THE Standard St Jude Championship isn’t a tournament that would mean a whole lot to the majority of golf fans. But Pádraig Harrington is hopeful the US PGA Tour event, starting in Memphis, Tennessee on Thursday, will revive his flagging fortunes going into the following week’s US Open at Torrey Pines, San Diego.
After winning the Open Championship last July, Harrington came to the conclusion that the best way to prepare for a major was to play two tournaments immediately beforehand. That worked for him at Carnoustie, not quite so in the USPGA the following month when he could only manage a share of 42nd place, and there were positives again when he enjoyed a good final round in the Masters last April and tied for fifth.
However, the reality is that Harrington hasn’t won a tour event in the States or Europe since that memorable week in Scotland. He has played seven tournaments in America this year and started off really nicely with a third place finish in the Los Angeles Open at Riviera. He was subsequently fourth in New Orleans and, of course, fifth at the Masters before everything went belly-up in the Players Championship at Sawgrass.
Two under par through 25 holes, he collapsed in amazing fashion and dropped nine shots in the next 11 holes to miss the cut by a distance. At present, Harrington is 43rd in the US order of merit with $1.1m and 15th in the scoring averages.
Disappointingly, though, he hasn’t achieved a whole lot in Europe. He was fifth in the HSBC Champions tournament, although that was played last year, and11th in Abu Dhabi. He made a tame defence of his Irish Open at Adare Manor, finishing in a tie for 31st and, after skipping the PGA Championship at Wentworth, missed his first cut on the European Tour since October 2006 in the Wales Open at Celtic Manor, scene of the 2010 Ryder Cup.
Harrington’s recent indifferent performances have caused him to drop out of the automatic top 10 places in the European team for Valhalla in September. Worse again, having begun the year eighth in the world rankings, yesterday’s revelation that he has dropped back to 14th won’t do a whole lot for his morale.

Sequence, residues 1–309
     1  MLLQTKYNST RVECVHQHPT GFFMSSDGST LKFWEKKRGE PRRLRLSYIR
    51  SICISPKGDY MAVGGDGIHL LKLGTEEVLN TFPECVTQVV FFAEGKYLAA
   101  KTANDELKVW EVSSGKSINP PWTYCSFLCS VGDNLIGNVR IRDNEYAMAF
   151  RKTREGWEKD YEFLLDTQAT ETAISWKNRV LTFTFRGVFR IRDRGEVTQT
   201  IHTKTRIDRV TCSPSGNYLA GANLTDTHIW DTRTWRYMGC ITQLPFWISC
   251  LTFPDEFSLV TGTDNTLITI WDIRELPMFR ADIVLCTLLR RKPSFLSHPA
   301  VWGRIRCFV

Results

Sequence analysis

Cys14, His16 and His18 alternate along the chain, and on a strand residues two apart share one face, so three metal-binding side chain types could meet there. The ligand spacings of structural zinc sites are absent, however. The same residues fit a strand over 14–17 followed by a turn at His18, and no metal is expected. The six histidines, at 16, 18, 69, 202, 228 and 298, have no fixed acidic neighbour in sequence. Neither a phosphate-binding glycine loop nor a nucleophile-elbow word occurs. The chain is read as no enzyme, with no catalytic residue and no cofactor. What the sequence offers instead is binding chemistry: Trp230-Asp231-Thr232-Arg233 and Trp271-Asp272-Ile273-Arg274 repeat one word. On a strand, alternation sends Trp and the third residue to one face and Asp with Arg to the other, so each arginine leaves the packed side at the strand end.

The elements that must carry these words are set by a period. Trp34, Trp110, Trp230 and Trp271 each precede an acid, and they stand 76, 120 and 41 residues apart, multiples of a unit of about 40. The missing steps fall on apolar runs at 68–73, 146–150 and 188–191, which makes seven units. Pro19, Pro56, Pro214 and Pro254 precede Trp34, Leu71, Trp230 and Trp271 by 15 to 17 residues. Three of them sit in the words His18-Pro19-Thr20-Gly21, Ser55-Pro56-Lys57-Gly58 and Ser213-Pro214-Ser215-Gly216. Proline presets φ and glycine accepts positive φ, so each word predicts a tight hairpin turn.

There are times when even those closest to him don’t always understand where Harrington is coming from. For instance, after he missed the cut by two shots in Wales on Friday, finishing 15 strokes behind Scott Strange, he stated he still felt good about Torrey Pines and that “it’s actually been quite a positive week”.
He then admitted he had putted “abominably” during the two rounds at Celtic Manor, while claiming at the same time that he had “found something”. The failure, he added, “just convinces me to be more committed in my decision making”.
Harrington invariably spends a lot of time figuring out his schedule. That being the case, it might have been difficult to understand why he gave precedence to the Wales Open over the BMW PGA Championship on the previous week and the Memorial tournament at Muirfield Village which ran concurrently. However, a substantial six figure sum from the deep pockets of Celtic Manor owner Terry Matthews provided the explanation. To then miss the cut would have been a very sore thing.
Knowing his deep sense of pride, coupled with his innate professionalism, I am entirely satisfied Harrington gave Wales his very best shot and just in case anyone might have thought otherwise, he stressed that “it’s not like I wasn’t trying.”
Of course he was but that also has his supporters a little worried. He insists there is nothing wrong with his swing and that he is happy with his game. But his results don’t bear that out. Hopefully, he can turn all that around in Memphis this week for, by all accounts, Torrey Pines a week later, all 7,500 yards of it, is not the kind of place to prosper unless a player is right on top of his game.
Darren Clarke maintained his encouraging form of recent weeks when finishing 13 under par in Wales for a share of 4th place. He is now 103rd in the world rankings and edging ever closer to the top 100 which can open several doors that were closed to him in his recent spell in the doldrums. He is also 14th in the European Tour order of merit, although still well down the pecking order in the European Ryder Cup points list.
However, he is intent on putting that right as soon as possible and so plays in Austria this week (along with Graeme McDowell and Gary Murphy). He is also hopeful of further improving his chances of gaining an exemption into next month’s Open Championship at Royal Birkdale.
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